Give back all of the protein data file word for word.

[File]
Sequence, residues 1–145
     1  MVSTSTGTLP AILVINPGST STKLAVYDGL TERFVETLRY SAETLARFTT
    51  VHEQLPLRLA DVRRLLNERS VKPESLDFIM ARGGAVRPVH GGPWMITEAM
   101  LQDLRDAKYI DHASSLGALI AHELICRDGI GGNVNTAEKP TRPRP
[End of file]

Sequence, residues 1–145
     1  MVSTSTGTLP AILVINPGST STKLAVYDGL TERFVETLRY SAETLARFTT
    51  VHEQLPLRLA DVRRLLNERS VKPESLDFIM ARGGAVRPVH GGPWMITEAM
   101  LQDLRDAKYI DHASSLGALI AHELICRDGI GGNVNTAEKP TRPRP